The half-finished scheme has been redesigned by developer Select Property, which will invest £56m to turn the site into 273 student flats, under its Vita Student brand.

Mark Stott, CEO of Select Property Group, said: “For us, finding the right locations for our residences is key and we’ve done just that with Portland Crescent and St Alban’s Place.”

The project near the Leeds Arena was to be a 206-bedroom Hilton hotel and marked GB Building Solution’s first major foray into development.

But the firm collapsed in May 2015 leaving the project unfinished as a concrete frame. The project was part-funded by a taxpayer-backed loan of £4.8m from the Leeds City Region Enterprise Partnership.

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Union demands direct employment on HS2

Unite is calling for all HS2 workers to be directly employed and an end to using payroll and umbrella companies on the project.

Unite kicked-off its campaign with a demo outside the offices of the Costain-Skanska Joint Venture

The union staged a demonstration yesterday outside the headquarters of Costain-Skanska Joint Venture (CSjv), who are currently carrying out the southern area enabling works for HS2.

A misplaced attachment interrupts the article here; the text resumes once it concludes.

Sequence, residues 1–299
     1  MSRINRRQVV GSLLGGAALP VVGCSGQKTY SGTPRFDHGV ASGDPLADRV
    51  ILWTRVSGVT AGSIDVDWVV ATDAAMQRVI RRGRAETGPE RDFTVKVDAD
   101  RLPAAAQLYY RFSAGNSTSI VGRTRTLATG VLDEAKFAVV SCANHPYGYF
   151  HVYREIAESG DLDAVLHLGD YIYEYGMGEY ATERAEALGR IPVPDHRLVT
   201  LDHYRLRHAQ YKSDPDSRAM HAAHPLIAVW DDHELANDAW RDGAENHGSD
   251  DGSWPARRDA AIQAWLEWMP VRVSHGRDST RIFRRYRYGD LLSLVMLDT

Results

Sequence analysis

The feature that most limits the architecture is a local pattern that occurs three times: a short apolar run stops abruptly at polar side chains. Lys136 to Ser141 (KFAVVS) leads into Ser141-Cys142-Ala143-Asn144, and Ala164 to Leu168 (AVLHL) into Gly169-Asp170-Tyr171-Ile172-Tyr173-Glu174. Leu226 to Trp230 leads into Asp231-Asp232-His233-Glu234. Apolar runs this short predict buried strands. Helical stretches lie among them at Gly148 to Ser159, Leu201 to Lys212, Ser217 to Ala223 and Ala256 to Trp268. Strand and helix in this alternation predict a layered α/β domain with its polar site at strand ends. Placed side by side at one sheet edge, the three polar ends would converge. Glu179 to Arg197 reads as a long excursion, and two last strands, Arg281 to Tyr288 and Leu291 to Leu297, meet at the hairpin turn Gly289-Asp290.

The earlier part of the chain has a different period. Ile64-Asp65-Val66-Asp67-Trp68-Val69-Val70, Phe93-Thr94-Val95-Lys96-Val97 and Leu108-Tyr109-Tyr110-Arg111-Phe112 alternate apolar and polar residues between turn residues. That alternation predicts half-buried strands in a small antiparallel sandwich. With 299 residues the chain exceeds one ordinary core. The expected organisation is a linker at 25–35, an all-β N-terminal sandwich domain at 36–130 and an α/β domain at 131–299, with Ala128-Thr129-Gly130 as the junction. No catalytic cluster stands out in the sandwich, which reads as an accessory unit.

Unite want to see CSjv employ workers directly rather than through agencies like Bowercross Construction Limited who supply labour on the job.

National officer for construction Jerry Swain said: “HS2 is one of the most high profile construction projects in the UK and there is an agreement between the unions and HS2 that outlaws these types of practices.

“It would be reasonable to expect that HS2’s management, would want to ensure that first class workers’ rights exist on this project and as a minimum uphold the agreement they signed.”

Unite said it will now be extending its campaign across all of HS2’s sites.

An HS2 Ltd spokesperson said: “We have an agreement with the TUC demonstrating our commitment to working with the trade unions.

“By working together, we will build the new high-speed railway safely and create a diverse, inclusive and skilled workforce.”

A CSjv spokesperson said: “Bowercross Construction Limited (BCL), is one of the CSjv’s approved suppliers, who provide labour to some of our sites on the High Speed Two enabling works programme.

“All BCL workers on our programme are paid via PAYE and receive full employment rights, which include a minimum of the London Living Wage, EU holiday and sick pay and welfare benefits.

“CSjv are keen to meet with Unite to discuss their concerns and have previously offered opportunities for them to meet our workers.”

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Chemical giant to invest £500m in two new plants

Chemical giant INEOS has unveiled plans to build a £350m steam and power plant at its Grangemouth site in Scotland.

Tobias Hannemann, CEO O&P UK said: “This investment forms part of our wider plans to secure a bright future for manufacturing at Grangemouth and will continue its renaissance as a world class petrochemicals site.”